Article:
Veteran Arab journalist Abdel Bari Atwan says Donald Trump’s assassination of top Iranian general Qassem Soleimani is a game-changing moment in the Middle East and will have long-term detrimental consequences for the U.S. presence there.
U.S. President Donald Trump has taken the Middle East to war, and Friday’s assassination of Iran’s General Qassem Soleimani and Iraqi Popular Mobilisation Forces (PMF) leader Abu-Mahdi al-Muhandis was the official declaration.
With this clearly illegal killing of ten people in a supposedly friendly state, the “leader of the free world” has sunk to the level of a mafia boss, taking yet another leaf out of the book of his mentor Benjamin Netanyahu.
The Israeli Prime Minister has worked assiduously to steer the U.S. president into a showdown with Iran, and Trump has now been well and truly lured into the Israeli trap.
Breaking rules of engagement
The U.S. and Israel have long wanted to be rid of Soleimani and evidently kept close track of his movements. But they refrained from targeting him in the past out of fear of the heavy Iranian and allied retaliation that would inevitably provoke.
So why choose to act now? Why break so brazenly the unwritten rules of engagement that have prevailed in the U.S.-Iranian confrontation so far?
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Domestic considerations are certainly a factor. Trump is facing impeachment and is focused on winning a second term. A foreign/security crisis in which he plays the tough guy against the country’s most demonised foreign enemy suits his purposes well.
Netanyahu, mired in a corruption scandal and struggling for his political survival, has a similar interest.
Neither man is known for giving long-term policy calculations precedence over personal political ones.
A skilled adversary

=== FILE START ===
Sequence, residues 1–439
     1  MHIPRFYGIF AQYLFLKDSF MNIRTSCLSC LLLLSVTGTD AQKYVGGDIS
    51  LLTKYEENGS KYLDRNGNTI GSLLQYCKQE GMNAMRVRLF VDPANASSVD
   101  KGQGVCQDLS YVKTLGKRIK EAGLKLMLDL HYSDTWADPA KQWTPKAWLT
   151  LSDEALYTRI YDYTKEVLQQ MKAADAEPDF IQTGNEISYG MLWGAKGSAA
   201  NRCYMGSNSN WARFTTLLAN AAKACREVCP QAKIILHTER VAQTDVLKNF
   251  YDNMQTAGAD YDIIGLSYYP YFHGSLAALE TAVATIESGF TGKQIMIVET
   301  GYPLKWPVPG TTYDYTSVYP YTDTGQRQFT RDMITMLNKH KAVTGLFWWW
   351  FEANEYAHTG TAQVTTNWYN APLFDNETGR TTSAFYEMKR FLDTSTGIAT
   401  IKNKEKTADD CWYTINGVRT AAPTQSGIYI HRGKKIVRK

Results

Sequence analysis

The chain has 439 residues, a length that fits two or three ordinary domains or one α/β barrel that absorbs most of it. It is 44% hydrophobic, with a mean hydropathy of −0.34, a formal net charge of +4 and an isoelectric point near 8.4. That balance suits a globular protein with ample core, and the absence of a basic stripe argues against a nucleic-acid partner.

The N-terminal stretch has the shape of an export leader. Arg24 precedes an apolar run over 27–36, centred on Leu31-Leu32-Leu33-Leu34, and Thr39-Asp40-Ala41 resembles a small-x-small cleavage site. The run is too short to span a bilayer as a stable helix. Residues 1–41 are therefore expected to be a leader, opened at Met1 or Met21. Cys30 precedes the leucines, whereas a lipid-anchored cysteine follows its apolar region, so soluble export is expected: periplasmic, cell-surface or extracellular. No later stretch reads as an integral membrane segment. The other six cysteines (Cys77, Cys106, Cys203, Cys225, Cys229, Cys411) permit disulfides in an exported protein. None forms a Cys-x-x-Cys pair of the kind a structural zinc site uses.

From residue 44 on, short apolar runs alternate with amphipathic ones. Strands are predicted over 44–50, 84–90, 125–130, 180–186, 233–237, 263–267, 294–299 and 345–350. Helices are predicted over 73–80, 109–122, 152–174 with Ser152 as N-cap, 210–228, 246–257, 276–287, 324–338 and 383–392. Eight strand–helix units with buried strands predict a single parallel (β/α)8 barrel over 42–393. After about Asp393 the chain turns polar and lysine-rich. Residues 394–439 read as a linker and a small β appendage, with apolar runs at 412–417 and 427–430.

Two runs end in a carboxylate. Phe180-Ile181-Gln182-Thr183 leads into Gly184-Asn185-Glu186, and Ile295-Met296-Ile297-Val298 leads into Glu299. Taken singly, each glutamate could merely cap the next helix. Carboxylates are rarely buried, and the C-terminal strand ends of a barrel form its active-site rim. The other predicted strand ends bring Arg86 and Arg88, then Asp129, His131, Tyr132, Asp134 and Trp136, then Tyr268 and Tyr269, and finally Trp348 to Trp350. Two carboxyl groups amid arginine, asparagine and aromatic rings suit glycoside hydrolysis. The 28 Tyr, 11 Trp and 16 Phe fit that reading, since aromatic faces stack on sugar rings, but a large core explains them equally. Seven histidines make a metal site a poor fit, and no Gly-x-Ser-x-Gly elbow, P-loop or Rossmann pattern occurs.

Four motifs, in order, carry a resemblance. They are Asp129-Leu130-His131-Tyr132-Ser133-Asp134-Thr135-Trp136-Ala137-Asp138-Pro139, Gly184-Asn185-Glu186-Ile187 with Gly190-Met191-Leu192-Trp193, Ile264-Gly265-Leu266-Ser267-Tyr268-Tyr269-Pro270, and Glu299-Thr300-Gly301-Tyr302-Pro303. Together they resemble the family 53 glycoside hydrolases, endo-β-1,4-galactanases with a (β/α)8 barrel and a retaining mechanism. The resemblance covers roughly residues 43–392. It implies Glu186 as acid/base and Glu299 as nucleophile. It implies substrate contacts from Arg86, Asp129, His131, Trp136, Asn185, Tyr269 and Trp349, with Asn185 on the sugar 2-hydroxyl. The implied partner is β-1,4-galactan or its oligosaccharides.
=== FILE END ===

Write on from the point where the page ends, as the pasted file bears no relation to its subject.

Soleimani was certainly a skilled and effective adversary. He played a central role in developing Iran’s impressive defense and deterrent capabilities, featuring two key asymmetric elements: a vast, varied and increasingly sophisticated arsenal of largely home-made missiles; and a potent network of well-armed paramilitary allies spanning the region.
But his achievements will survive him, and despite his near-legendary status among admirers and detractors alike he did not make or implement policy single-handedly. Iran, unlike most of its Arab adversaries, is a state based on institutions rather than individuals.
The Israelis, at least, should have learned from experience. When they assassinated former Hezbollah leader Hassan Mousavi (along with his wife, child and several companions) in 1992, they thought that would be the end of the organisation that was challenging their occupation of South Lebanon. Instead, it elected the formidable Hassan Nasrallah as his successor, and he led it to a stunning victory in its liberation struggle.
Everyone is now wondering where and how Iran will retaliate? Directly or via its allies in Lebanon, Iraq or Yemen? Against U.S. military bases or embassies in Iraq and/or the Gulf states, or against Israel? Iran certainly has no shortage of potential targets or means to strike them at its disposal.
But while retaliation may be inevitable, any acts of short-term revenge will only be the start. The drone assassination at Baghdad Airport was a permanent game-changer and it is the long-term consequences that should be troubling U.S. policymakers and allies alike.
For starters, the U.S. military presence in Iraq has been rendered unsustainable. If the government and parliament in Baghdad do not order U.S. troops out of the country, the PMF and other Iraqs will surely multiply efforts to force them out.
So Trump may be creating his very own Vietnam.